Background. Microsponges are intended to carry drugs with minimum dose, while delivering beneficial effects such as better drug stability and reduced adverse effects in recipients. The present investigation was aimed to develop and characterize microsponges containing tenofovir (TNF).
Methods. Quasi-emulsion diffusion technique was used to prepare TNF-containing microsponges. Eudragit L-100 was used as a polymer, whereas glycerol and dibutylphthalates were used as plasticizers. Drug and polymer were experimented in five formulations (F1-F5) of different ratios such as 1:1, 1:2, 1:3, 1:4, and 1:5. They were characterized for various physical parameters such as size, crystallinity, and interactions.
Results. Fourier-transform infrared spectroscopic results showed that there was no incompatibility between the drug and excipients. Drug entrapment efficacy was found between 47% and 67%, and the particle size ranges were between 4.52 Î¼m and 8.98 Î¼m. Cumulative drug diffusion of formulation F2 (drug:polymer ratio = 1:2) was found to be 84.15% in 180 min for an X-ray diffraction studies of pure drug and microsponges formulation clearly indicated the reduction in the crystallinity of the drug which could be the reason for the improved solubility of the drug. Scanning electron microscopy analysis results indicated that the formulations have excellent structure and almost all formulations exhibited in spherical shape.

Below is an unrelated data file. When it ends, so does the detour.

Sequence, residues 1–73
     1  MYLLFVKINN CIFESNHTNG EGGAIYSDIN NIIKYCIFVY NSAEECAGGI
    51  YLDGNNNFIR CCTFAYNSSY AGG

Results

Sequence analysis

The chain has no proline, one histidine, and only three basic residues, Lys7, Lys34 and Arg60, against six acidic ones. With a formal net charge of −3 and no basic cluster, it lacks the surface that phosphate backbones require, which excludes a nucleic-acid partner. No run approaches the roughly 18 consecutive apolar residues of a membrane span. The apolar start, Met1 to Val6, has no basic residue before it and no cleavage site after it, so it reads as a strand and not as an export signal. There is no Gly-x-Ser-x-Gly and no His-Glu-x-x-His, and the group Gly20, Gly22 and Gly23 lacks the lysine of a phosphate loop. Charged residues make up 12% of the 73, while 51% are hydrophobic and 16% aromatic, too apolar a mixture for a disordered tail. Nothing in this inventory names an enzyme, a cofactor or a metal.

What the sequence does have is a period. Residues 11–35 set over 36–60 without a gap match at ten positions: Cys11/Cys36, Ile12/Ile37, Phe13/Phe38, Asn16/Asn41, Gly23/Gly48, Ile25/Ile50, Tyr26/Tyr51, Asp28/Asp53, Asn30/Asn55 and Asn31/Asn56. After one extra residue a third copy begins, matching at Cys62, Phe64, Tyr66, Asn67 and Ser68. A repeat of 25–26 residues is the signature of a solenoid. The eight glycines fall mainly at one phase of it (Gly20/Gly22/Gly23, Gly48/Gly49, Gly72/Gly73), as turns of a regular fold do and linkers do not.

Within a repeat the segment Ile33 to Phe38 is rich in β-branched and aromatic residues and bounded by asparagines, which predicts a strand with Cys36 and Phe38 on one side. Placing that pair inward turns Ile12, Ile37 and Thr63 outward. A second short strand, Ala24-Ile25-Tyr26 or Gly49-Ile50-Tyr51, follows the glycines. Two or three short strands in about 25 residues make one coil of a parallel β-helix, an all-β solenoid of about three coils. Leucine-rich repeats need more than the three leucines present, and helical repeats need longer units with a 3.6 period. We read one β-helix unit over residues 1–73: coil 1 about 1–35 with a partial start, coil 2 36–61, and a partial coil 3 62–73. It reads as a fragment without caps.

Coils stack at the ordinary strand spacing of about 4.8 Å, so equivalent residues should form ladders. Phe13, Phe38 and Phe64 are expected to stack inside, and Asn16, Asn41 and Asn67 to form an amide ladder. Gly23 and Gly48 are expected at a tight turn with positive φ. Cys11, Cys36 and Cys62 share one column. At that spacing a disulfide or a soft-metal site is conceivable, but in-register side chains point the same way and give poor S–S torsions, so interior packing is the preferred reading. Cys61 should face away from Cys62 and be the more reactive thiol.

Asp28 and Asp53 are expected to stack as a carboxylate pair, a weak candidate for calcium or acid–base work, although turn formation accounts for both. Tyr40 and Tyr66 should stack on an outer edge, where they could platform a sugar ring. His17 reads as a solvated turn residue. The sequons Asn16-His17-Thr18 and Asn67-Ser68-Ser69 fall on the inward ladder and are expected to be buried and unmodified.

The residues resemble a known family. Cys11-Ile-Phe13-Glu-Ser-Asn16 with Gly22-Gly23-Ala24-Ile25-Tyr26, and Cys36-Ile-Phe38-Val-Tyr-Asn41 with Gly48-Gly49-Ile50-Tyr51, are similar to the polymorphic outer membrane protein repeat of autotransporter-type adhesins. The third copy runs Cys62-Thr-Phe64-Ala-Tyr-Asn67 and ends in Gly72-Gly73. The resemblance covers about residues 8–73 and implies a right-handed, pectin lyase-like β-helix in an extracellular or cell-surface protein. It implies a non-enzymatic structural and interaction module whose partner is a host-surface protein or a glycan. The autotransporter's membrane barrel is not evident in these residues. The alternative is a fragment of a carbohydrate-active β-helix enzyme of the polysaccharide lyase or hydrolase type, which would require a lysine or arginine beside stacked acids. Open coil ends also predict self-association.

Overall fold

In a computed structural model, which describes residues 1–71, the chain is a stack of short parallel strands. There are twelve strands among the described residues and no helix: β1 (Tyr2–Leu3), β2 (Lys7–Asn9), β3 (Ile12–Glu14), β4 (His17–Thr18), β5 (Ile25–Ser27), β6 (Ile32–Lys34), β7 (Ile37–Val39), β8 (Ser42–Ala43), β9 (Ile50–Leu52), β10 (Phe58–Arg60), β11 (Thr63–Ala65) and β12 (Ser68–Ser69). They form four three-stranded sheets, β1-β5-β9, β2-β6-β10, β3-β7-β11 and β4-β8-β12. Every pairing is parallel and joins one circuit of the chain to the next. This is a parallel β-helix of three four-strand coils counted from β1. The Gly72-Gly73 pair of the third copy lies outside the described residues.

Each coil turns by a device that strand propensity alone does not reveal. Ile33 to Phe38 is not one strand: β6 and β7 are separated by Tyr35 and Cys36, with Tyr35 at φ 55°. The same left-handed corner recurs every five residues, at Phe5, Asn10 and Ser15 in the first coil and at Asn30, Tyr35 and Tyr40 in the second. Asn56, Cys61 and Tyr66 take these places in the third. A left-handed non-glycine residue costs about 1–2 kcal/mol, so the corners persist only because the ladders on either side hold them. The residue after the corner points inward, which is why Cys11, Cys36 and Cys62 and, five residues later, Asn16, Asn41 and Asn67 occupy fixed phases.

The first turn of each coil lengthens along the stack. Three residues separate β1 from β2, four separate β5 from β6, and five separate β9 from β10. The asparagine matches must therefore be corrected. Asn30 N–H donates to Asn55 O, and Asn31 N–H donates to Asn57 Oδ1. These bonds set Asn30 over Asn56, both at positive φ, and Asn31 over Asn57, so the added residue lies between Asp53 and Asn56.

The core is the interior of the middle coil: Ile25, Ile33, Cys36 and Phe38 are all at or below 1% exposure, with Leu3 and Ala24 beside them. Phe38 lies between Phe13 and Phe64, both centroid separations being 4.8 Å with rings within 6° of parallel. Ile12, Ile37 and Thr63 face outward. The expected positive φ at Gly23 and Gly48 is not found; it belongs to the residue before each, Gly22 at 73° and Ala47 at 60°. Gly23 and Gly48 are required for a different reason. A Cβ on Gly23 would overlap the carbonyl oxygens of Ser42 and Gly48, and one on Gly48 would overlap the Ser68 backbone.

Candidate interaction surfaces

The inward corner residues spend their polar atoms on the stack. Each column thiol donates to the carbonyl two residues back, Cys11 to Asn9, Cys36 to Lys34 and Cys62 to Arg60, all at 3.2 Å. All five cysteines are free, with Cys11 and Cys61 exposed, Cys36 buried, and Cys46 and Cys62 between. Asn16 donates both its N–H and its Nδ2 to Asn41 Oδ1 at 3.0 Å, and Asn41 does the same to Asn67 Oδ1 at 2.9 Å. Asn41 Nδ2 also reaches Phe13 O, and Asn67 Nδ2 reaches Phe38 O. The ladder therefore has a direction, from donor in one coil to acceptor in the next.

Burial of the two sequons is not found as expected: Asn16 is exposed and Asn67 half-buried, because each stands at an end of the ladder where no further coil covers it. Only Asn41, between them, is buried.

Conclusion. Based on all the evaluation parameters, formulation F2 was concluded as the best formulation, and it is an alternative approach for conventional therapy with better patient compliance.
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